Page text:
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How to reattach rear fuselage

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onetenor18/09/2016 17:42:32
1900 forum posts

Tack it with Cyano then use the phatics

Martin Harris18/09/2016 17:57:02
8807 forum posts
216 photos

Any reason to prefer aliphatic over cyano? While aliphatic is very good for building, I find cyano far more efficient for piecing together "jigsaws" especially where cracks run along the grain. It's light enough to flood the inside of unreachable areas and the result is almost certainly a lot stronger than the original wood.

Biggles' Elder Brother - Moderator18/09/2016 18:52:34
15748 forum posts
1460 photos

No I disagree about using aliphatic here. If this fracture is as described aliphatics are not the best at all. As has been described put the mating fractured surfaces together into a really close, interlocking, jaged, fit. Then drop very thin CA (as Martin says) onto the "crack". If this works the drop will sit there for an instant and then suddenly seem to "dissapear". What has happened is that capillary action has sucked the glue deep into the fracture zone where it will form an excellent bond - as i say stronger than the original wood and definitely stronger than aliphatics could in this case. Aliphatics are great adhesives, I'm a big fan, but they need some space to work in - not much true, but definitly some. CA thrives where the space between the components is almost molecular in size!! The smaller the better! So if the parts fit back together closely - use CA.


kc19/09/2016 13:10:53
6032 forum posts
168 photos

I suggest PVA such as Evostik Wood Glue ( Resin W ) rather than aliphatic or cyano would make the strongest joint..

No point in debating whether BEB is right or I am right .......just break a piece of balsa into a jagged cut and glue with cyano and another with PVA. When fully dry -24 hours with PVA - test to destruction. The result may vary with different cyano makes and wood type. Some cyano stick like anything others don't stick to really dry balsa. Evostik Resin W seems very consistent while other similar looking 'PVA' such as cheap supermarket makes have very little strength. Maybe the cheap stuff is diluted to look a better deal. Again a test to destruction with scrap wood tells it's own story. If the wood does not fail before the glue then it's not as good as Resin W! By the wood failing before the glue joint I mean softwood or hardwood not just balsa - the grain of a hardwood such as beech will fail before the joint if glued properly. with a good PVA.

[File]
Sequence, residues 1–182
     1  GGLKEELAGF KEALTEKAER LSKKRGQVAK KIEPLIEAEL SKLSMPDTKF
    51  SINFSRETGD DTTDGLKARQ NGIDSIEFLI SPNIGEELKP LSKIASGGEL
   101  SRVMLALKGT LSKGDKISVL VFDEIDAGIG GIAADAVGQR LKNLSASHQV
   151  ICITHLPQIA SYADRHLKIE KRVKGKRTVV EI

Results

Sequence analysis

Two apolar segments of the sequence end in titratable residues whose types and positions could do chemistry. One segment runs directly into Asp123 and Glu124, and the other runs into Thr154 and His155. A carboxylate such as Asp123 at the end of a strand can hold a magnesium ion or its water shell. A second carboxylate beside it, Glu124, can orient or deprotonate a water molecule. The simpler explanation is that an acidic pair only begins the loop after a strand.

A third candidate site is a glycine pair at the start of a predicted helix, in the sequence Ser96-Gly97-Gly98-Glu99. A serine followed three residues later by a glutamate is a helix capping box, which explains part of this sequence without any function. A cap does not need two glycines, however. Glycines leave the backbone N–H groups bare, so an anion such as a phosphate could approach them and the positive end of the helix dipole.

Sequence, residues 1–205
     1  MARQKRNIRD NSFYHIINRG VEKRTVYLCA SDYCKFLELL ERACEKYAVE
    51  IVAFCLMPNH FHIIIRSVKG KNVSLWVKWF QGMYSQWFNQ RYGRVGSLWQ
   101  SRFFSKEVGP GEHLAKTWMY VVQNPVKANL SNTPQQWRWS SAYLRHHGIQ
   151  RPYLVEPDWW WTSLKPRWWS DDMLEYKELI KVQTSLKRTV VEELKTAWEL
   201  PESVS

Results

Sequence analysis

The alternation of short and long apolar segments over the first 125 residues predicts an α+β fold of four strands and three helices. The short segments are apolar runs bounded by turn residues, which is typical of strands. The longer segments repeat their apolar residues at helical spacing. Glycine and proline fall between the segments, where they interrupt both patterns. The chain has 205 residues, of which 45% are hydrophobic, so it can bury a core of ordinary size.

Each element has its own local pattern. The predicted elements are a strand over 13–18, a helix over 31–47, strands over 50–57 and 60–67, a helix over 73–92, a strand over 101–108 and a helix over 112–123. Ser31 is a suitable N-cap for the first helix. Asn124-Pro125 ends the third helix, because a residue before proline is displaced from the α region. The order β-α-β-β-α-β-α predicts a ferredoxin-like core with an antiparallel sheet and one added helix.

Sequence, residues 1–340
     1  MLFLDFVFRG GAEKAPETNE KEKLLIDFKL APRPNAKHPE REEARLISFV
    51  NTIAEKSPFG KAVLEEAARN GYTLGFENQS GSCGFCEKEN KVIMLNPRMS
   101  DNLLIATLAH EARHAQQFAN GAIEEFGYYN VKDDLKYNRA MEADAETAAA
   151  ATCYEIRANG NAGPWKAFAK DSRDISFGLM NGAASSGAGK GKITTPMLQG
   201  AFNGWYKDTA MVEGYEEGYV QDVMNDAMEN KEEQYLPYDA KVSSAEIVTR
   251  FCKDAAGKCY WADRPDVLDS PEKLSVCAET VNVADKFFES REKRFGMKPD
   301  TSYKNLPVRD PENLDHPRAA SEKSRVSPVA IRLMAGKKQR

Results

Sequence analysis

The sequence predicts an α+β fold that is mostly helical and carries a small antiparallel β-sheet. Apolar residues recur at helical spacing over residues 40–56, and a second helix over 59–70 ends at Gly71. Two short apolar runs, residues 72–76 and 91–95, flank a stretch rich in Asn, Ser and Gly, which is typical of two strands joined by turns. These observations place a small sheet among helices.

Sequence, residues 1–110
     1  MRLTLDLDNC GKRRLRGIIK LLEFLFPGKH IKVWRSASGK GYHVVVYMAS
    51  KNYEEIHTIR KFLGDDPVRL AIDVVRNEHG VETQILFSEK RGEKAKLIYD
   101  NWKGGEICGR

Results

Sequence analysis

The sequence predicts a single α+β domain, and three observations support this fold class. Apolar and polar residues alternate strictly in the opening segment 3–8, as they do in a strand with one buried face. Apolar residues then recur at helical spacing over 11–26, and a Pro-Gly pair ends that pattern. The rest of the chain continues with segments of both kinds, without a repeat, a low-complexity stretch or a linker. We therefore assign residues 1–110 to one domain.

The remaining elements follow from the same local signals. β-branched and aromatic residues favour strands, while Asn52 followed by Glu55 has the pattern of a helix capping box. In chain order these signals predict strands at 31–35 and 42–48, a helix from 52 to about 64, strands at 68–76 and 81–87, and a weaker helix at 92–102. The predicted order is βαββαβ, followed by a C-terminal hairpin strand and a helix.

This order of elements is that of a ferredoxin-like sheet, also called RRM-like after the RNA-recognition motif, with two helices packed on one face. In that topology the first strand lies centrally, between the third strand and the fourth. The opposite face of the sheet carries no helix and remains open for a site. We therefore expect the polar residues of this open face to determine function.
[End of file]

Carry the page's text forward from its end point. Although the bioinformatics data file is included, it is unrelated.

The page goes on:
My idea of replacing the shattered wood with a new balsa ( after first getting the jagged parts glued back into shape ) might also allow access inside so a doubler can be glued in first. Also consider a two different adhesives - a spot of cyano can be used to hold a doubler in place whilst the main coating of PVA or even epoxy drys. Maybe something ingenious for special jobs - a piece of cotton through a pinhole with something like a button on the end could pull a doubler in place internally and be cut off after the glue drys. Or use a bent piece of thin piano wire to pul linto place and then nip the wire off after it's done its job. Or a screw into a piece of ply could pull the joint into place and the screw removed from outside when dry without leaving much of a hole. ( use sellotape to cover any temporary packing that needs to remain unglued )

Old Geezer19/09/2016 17:25:23
617 forum posts

kc - it's only Monday and you're already top contender for 'Lateral Thinker of The Week!'🤔

Piers Bowlan19/09/2016 19:04:39
1871 forum posts
45 photos

We can all agree to disagree but without a photo of what we are repairing it is all pretty academic! How well the wood mates together, how thick it is, how much filler will be going in to fill the cracks! It is all a judgement call and down to experience and preference. Martin Harris had a good point about stress raisers;- local reinforcement is often not a lot of good unless the load is spread. Like BEB said, a bit of extra weight down the back end is generally not a good thing, as it usually requires a lot of weight up the front end to compensate! However, if it stops the tail falling off mid-flight it is probably not a bad thing after all!. Perhaps building a new fuz is the best solution, - if not the quickest. Decisions, decisions!

Edited By Piers Bowlan on 19/09/2016 19:06:04

Graeme Poke11/10/2016 05:24:13
175 forum posts
20 photos

After lots of your good advice from the Forum, I have tackled the problem and she is ready to fly again. The forecast for Thursday is good. It looks ok from a distance, a bit rough up close. The only slight concern I have, apart from breaking up, is that the tail plane is not quite lining up with the main plane, about 3 mm out of alignment. I thought of packing up the main wing but thought I would see what happens first. Maybe a bit of trimming will fix it good enough for my mad flying. i have even figured out how to include pictures for your perusal...I think! See how we go. Thanks for all the help.

Graeme Poke11/10/2016 05:26:51
175 forum posts
20 photos

Ah. I thought it would include the pictures in the body of the post. They are in the 6 photos on the side. Thanks Graeme

Graeme Poke13/10/2016 07:29:16
175 forum posts
20 photos

The Staudacher flew beautifully today. The only minor trim problem I had was while inverted, I didn't need any down elevator at all. Tail heavy a tad maybe? Other wise fabulous, which surprised me. All held together and flew as always. Very happy lad.Cheers Graeme

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